The notes for SGA 3 were originally distributed by IHES (Institut des Hautes Études Scientifiques) in typed mimeographed form under the title SGAD (the reviewer’s copy occupies 21cm on his bookcase). In 1970, they were reprinted as three volumes in Springer’s series Lecture Notes in Mathematics [M. Demazure and A. Grothendieck, Schémas en groupes. I, II, III. Lecture Notes in Mathematics 151, 152, 153. Berlin-Heidelberg-New York: Springer-Verlag (1970; Zbl 0207.51401, Zbl 0209.24201, Zbl 0212.52810)]. That version is identical to the original except that some misprints were fixed, part of Exposé VI\(_{B}\) was rewritten, and indexes and tables of contents added. The present version has been thoroughly revised by the editors Philippe Gille and Patrick Polo, with the support of the mathematical community, especially Demazure, Gabber, and Raynaud. Only the first and third volumes are currently available – the remaining volume is expected to become available in 2013.
In the new version, the editors have retained the structure and the numbering of the original, but there have been a large number of improvements, which we now list.
1.
The typed originals have been TEXed. This has allowed the editors to improve the typography by replacing underlined letters with calligraphic letters and doubly underlined letters with boldface letters. The residue field at a point \(x\) of a scheme is now denoted \(\kappa(x)\), and the roots of a semisimple group are denoted \(\alpha,\beta,\gamma,\ldots\) rather than \(r,s,t,\dots\). Terminology has been modernised: for example “prescheme/scheme” has been replaced by “scheme/separated scheme”.
2.
There are numerous small improvements to the text, all carefully footnoted – in Volume 1 there are over 800 of these, and in Volume 3 there are about 300. Some of these correct errors in the original and some add comments and references, but most expand the original exposition. For example, the editors may add lemmas to make explicit what was only implicit, add arguments omitted in the original, or add necessary background material. At the end of each section they have added a bibliography of the additional references cited.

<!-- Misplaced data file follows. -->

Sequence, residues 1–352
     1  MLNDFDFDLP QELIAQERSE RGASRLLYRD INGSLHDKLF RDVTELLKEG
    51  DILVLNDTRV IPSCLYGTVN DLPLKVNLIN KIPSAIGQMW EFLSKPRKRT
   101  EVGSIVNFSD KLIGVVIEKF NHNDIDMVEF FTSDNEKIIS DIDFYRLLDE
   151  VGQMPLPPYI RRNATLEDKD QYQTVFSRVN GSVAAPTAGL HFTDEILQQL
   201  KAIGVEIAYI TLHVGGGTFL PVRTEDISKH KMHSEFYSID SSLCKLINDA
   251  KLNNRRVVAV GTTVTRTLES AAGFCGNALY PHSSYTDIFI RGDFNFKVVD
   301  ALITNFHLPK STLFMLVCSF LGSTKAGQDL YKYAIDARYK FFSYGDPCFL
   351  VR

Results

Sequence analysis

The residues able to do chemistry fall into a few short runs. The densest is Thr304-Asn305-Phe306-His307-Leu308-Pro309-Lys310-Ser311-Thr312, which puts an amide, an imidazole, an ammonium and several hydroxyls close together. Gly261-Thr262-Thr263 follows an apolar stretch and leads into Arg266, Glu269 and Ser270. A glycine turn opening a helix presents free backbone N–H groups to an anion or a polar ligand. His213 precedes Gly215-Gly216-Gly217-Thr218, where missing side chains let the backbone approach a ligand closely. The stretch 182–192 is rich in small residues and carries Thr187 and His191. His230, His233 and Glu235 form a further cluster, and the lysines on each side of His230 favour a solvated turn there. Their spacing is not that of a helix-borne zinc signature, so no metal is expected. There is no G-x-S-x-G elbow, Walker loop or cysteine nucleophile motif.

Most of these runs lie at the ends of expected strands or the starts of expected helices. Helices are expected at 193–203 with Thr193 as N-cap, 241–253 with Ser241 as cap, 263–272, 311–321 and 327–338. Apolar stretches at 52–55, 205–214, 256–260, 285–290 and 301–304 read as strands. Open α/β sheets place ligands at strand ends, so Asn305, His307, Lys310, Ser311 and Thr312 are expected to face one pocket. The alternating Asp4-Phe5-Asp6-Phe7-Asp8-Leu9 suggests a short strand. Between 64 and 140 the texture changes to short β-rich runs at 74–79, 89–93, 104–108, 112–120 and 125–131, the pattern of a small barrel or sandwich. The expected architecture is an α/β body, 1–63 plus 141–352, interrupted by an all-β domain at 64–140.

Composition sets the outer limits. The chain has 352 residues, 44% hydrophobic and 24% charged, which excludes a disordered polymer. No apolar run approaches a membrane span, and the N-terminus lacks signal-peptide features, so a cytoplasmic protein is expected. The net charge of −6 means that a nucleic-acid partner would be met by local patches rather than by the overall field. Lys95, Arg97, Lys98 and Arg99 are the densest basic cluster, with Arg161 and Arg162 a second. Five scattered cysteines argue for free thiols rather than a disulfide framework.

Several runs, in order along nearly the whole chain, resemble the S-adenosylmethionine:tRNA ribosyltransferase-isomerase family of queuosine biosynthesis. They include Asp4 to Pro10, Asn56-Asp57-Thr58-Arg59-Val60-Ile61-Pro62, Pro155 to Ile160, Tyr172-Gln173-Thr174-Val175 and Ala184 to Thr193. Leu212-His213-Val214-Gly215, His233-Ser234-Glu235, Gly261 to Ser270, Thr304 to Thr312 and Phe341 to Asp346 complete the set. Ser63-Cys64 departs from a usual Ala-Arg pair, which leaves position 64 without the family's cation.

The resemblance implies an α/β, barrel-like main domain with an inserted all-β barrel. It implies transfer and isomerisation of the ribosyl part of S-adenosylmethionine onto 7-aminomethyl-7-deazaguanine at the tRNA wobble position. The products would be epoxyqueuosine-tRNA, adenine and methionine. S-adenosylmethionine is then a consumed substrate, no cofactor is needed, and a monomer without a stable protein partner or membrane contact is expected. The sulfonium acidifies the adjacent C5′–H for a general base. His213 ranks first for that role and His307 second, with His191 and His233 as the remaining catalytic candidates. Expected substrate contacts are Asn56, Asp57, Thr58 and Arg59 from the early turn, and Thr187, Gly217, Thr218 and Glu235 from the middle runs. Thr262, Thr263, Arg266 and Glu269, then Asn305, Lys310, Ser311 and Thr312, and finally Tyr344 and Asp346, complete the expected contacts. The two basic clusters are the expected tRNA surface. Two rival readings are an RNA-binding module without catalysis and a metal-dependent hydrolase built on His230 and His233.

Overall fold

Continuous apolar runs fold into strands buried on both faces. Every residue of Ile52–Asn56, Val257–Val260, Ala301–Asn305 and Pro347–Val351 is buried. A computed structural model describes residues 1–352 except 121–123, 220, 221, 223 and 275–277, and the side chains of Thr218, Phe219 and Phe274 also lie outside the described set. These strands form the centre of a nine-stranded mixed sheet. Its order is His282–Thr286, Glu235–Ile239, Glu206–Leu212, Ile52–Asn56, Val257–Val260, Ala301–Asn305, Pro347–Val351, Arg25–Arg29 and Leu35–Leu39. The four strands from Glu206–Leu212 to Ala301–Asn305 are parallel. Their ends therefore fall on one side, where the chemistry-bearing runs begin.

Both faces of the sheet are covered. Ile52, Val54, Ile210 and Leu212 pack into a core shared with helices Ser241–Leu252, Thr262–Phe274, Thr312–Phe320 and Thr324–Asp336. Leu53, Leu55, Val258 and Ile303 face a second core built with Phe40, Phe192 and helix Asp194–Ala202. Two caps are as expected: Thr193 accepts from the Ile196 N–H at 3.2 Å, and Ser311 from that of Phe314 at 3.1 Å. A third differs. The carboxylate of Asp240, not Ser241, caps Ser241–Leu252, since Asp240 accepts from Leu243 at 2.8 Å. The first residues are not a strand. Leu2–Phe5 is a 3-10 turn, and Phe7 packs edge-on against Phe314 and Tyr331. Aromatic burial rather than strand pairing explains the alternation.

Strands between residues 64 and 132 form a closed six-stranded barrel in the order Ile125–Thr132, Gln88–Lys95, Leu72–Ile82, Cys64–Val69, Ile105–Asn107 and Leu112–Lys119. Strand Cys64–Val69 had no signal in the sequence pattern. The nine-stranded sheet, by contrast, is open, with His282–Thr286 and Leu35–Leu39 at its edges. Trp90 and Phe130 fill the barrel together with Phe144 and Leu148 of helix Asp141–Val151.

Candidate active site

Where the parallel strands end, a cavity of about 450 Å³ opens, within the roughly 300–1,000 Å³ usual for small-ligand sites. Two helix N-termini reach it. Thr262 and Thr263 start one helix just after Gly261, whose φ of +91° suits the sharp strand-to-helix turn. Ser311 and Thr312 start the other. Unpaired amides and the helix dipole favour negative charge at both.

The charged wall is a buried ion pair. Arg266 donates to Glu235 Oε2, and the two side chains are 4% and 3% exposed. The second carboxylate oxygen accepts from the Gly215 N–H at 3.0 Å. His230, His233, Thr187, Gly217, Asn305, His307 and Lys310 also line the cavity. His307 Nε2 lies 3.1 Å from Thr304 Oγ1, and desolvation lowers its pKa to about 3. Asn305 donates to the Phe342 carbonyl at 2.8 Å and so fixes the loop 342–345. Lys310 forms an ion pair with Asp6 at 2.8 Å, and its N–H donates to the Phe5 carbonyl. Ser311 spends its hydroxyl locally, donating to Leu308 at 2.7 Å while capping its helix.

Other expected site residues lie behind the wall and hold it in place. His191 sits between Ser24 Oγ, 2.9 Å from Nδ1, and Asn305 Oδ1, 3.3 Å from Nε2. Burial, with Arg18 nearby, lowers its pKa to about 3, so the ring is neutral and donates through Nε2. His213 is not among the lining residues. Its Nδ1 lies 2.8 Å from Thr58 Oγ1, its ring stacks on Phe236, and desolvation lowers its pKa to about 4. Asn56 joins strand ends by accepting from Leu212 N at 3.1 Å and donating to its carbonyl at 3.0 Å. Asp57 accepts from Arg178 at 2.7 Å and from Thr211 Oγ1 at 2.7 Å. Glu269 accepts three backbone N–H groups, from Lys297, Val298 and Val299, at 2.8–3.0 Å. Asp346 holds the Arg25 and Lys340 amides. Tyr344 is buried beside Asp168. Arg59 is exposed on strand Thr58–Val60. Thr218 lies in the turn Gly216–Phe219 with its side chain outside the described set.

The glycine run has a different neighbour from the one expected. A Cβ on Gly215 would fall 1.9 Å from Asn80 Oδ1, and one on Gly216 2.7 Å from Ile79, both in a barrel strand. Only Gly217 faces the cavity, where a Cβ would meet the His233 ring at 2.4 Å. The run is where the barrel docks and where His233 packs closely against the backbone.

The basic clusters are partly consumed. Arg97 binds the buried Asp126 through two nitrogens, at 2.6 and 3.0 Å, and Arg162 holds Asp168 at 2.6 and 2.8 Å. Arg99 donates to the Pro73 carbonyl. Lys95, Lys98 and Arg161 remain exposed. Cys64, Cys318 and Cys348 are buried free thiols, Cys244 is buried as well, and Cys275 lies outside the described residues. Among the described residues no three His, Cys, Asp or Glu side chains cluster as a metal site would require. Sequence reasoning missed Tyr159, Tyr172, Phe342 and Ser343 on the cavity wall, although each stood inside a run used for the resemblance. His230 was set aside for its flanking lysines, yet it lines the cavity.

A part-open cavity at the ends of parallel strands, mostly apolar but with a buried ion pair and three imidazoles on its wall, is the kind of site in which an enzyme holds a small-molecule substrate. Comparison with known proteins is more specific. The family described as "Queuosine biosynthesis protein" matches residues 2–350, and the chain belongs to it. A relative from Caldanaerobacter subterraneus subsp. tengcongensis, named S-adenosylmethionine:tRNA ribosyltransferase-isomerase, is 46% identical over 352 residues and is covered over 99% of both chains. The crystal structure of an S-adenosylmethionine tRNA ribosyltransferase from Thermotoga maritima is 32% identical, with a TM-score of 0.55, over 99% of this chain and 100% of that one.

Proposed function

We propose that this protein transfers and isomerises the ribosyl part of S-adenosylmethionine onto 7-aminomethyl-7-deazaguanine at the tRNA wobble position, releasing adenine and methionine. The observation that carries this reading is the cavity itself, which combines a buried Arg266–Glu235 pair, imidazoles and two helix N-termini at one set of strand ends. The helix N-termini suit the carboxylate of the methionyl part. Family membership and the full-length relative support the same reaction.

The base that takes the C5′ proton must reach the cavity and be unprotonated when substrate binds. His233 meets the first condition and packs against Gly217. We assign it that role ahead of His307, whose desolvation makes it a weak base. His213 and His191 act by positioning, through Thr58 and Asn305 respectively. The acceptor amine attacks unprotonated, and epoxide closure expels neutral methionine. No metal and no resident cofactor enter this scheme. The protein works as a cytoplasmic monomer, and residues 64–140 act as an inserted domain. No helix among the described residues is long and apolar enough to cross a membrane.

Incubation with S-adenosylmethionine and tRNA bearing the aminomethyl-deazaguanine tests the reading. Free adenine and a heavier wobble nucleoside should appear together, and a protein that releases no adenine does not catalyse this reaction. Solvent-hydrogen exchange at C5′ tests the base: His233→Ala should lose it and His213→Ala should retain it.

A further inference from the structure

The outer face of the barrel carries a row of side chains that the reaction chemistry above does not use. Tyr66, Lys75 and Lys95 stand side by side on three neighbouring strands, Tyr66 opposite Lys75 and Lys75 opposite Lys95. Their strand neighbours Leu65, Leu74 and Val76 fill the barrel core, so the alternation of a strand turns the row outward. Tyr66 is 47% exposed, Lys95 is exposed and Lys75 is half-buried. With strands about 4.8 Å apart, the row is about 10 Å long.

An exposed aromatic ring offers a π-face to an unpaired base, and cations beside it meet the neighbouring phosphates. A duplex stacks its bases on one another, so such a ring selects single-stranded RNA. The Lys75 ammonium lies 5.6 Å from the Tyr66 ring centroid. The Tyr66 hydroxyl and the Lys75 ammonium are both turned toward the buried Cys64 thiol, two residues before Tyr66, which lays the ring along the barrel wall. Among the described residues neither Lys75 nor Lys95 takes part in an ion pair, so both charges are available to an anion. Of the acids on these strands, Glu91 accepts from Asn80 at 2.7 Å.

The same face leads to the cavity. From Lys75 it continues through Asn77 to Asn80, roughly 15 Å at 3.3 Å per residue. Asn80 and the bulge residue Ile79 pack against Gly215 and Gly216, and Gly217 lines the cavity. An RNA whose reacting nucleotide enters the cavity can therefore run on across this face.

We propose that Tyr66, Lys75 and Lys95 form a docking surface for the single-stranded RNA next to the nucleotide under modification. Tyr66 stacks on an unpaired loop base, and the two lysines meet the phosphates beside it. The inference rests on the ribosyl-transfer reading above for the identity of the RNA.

3.
In Exposé I, the editors added an eight-page section (Section 6) on \(G\)-equivariant objects and morphisms in a category, where \(G\) is a group object in the category of contravariant set-valued functors on the category.
4.
In Exposé III, the editors greatly expanded the zeroth section, which mainly reviews parts of SGA 1 (now in EGA IV [J. Dieudonné and A. Grothendieck, “Éléments de Géométrie Algébrique. IV. Étude locale des schémas et des morphismes de schémas”, Publ. Math., Inst. Hautes Étud. Sci. 20, 101–355 (1964; Zbl 0136.15901)]). They add several pages (pp. 148–152) on complete intersections, which enables them to give a complete proof (instead of a sketch) that a subgroup \(H\) of a smooth group scheme \(G\) is a local complete intersection in \(G\) if it is flat and locally of finite presentation over the base scheme (Prop. 4.15).
5.
In Exposé V, the editors have re-ordered the pages, which were shuffled between SGAD and SGA 3(!). The main results in this section concern the construction of quotients by groupoid schemes. The editors have added an eight-page section in which they work out in detail the consequences of these results for quotients by group schemes. They state without proof the more recent results on quotients (Keel, Mori, Kollar).
6.
In Exposé VI\(_{A}\), the editors have added two sections (2.6, 6) explaining results from the 1975 thesis of D. Perrin, which extend some statements for affine group schemes to quasi-compact group schemes. For example, every quasi-compact group scheme over a field is a projective limit of its algebraic quotients.
7.
In Exposé VI\(_{B}\), the main theorem of Section 5 states that a group scheme and its homogeneous spaces are separated under certain hypotheses. Counterexamples of Gabber show that the orginal hypotheses are inadequate. The editors have corrected the statement of the theorem, and rewritten the section to include a correct proof. Section 11, on affine group schemes and the affine envelope of a general group scheme, have been significantly rewritten, and the final two sections (12, 13), have been added by the editors.
8.
In Exposé VII\(_{B}\), several subsections have been enlarged, and one has been added.
9.
To Volume 3, the editors have added the published version of Demazure’s thesis, which summarizes the material in the volume, and serves as an introduction to it.
The volumes have been handsomely printed. The reviewer can attest that this version is much more pleasant to read, and work with, than the earlier versions. The editors and the Société Mathématique de France are to be congratulated for their efforts in rejuvenating this classic work. Everyone with an interest in group schemes will wish for a copy.

MSC:

14-06 Proceedings, conferences, collections, etc. pertaining to algebraic geometry
00B60 Collections of reprinted articles
14L15 Group schemes